“It took all of me,” reveals Russell Hornsby in our exclusive webcam interview (watch the video above) about his role as a grieving father in the Netflix limited series “Seven Seconds.” “It was the most challenging role I have ever taken, and it effected me immensely,” he admits. “But as an actor, you really do have to dive right in and give it everything you have.”
In “Seven Seconds,” Hornsby plays Isaiah Butler, alongside Regina King as his wife Latrice, a heartbroken father whose life is spiraling out of control. His teenage son has been critically injured in a hit and run, which has been covered up by police in an effort to protect the officer who thought he had left the boy for dead. The boy ultimately dies in hospital, and the Butler family are left to pick up the pieces. Hornsby is open about how much this show affected him personally.
“I didn’t realize how much it would until I was on set and shooting it,” he reveals. “At the time I had an 18 month old son and my wife was pregnant with our second child. And my family is in Los Angeles and I am in New York, and I am missing them immensely. And while you’re on set dealing with such heart wrenching material, every moment when I get home, I’m alone and all I’m doing is thinking about my family. And there would be nights where I would literally weep because of the pain of the work and the pain of missing my family,” he shares. “And so the best I could do was to take all of that hurt, all of that pain and put it into the character and put it into the work.”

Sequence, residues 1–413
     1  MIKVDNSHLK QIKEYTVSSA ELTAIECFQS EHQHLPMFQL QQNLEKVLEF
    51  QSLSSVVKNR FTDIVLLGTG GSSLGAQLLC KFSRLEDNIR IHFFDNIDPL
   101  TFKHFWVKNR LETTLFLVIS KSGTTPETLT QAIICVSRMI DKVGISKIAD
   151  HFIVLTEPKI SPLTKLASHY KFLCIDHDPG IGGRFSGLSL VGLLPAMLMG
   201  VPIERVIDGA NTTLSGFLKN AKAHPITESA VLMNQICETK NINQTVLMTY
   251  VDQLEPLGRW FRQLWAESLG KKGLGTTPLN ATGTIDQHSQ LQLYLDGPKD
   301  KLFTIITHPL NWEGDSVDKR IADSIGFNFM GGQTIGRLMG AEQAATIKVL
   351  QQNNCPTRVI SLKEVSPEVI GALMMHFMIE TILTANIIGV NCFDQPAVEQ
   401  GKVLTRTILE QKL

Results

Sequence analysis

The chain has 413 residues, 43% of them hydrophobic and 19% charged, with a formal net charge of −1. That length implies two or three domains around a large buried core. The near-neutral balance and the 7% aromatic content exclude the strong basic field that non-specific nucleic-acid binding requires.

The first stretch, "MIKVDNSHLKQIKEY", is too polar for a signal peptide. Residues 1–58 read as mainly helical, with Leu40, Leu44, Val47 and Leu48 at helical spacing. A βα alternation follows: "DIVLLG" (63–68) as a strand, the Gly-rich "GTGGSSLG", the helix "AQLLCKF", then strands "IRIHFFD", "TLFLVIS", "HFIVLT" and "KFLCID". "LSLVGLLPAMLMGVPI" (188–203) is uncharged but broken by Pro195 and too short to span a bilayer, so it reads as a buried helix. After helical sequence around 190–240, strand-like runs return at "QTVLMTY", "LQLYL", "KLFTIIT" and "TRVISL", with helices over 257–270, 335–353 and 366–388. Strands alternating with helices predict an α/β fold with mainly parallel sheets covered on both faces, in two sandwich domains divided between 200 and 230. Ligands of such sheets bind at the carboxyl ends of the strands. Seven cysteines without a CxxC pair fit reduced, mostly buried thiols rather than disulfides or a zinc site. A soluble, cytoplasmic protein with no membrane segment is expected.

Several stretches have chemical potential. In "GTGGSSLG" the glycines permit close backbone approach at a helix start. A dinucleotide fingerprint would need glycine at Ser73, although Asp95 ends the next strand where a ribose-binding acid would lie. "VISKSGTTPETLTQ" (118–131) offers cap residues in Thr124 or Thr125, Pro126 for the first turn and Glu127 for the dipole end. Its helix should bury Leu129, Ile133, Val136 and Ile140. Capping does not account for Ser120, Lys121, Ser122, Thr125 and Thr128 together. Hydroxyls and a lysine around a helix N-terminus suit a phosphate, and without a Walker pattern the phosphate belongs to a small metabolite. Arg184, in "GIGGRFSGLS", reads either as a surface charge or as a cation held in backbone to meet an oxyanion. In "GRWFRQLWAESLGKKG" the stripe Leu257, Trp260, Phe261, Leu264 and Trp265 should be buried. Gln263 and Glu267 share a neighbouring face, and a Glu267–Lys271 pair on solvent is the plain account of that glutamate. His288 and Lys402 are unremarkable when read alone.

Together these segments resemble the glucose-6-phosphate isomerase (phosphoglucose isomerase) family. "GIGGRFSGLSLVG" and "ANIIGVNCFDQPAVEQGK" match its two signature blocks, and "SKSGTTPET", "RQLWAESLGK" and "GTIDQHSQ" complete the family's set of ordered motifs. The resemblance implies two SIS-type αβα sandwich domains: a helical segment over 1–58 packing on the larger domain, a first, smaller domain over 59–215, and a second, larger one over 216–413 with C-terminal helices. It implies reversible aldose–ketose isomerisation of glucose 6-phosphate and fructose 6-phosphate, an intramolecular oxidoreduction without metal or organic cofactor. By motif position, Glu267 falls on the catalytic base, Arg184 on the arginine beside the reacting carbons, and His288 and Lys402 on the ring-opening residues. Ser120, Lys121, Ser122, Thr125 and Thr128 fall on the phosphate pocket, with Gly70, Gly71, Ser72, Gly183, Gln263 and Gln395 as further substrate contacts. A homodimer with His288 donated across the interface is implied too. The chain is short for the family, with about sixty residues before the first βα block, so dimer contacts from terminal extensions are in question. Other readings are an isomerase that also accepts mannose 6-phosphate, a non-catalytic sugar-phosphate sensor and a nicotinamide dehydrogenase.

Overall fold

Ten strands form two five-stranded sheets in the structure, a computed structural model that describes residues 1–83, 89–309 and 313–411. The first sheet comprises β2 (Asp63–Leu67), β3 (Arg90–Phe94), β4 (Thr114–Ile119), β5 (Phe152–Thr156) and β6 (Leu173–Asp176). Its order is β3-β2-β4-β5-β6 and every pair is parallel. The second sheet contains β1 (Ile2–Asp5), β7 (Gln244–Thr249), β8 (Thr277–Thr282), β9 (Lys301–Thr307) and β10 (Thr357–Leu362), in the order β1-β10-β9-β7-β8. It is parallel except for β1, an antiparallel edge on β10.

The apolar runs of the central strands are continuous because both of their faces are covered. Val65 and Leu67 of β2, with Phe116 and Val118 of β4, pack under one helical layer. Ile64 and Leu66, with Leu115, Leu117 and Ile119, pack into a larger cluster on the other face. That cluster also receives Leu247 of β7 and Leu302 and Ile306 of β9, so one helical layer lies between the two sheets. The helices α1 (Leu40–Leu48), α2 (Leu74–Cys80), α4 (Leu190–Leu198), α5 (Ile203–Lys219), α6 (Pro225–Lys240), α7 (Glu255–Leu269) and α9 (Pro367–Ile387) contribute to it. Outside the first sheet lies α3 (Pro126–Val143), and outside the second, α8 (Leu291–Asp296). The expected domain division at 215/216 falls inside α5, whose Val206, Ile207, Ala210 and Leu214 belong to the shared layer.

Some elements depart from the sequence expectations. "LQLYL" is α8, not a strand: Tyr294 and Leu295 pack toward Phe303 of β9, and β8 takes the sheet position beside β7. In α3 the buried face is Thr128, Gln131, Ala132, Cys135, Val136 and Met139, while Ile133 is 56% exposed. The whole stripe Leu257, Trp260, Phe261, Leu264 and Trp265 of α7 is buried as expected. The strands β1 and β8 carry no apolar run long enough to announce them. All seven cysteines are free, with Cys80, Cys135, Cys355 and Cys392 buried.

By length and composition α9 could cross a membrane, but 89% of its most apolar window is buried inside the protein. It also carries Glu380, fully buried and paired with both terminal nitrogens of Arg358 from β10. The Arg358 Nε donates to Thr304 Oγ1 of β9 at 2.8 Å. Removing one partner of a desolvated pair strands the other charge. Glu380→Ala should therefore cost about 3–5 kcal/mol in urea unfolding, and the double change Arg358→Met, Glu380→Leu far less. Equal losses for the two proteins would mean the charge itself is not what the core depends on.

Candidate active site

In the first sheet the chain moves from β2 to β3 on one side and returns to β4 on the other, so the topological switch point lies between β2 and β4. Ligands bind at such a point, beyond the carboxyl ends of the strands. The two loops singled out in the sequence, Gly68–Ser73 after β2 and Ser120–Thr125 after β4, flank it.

“Seven Seconds” is a dark portrait of a cold and unforgiving city in which law enforcement covers up a brutal crime in the face of a family’s pain and loss. It gave Hornsby the opportunity to be vulnerable, and to also explore themes of social justice, family, racism and class. “Every week you have to ask yourself, who am I today and what part of me am I going to expose? Because you really have to go deep inside yourself and your humanity and open yourself up and just be naked and say this is what hurts and this is what I’m suffering from but I want to help you understand,” he explains. “It’s a parent thing, it’s a father thing, it’s a man thing, and instead of saying, which is what we do in our culture, is we say to people ‘you wouldn’t understand,’ I think the best thing to say is, ‘it’s all of those things, let me help you understand’,” he says.
The moments that stayed with the actor most during filming of the series were those where his character spars with his brother, played by Zachary Momoh. “There’s a saying,” he declares. “‘A minute is a measure of time but a moment is a measure of meaning,’ and there’s a moment between those two men and those two brothers where for the first time I think in their lives where they really see each other for who they are and I think that was an emotional and devastatingly beautiful for me as an actor.”
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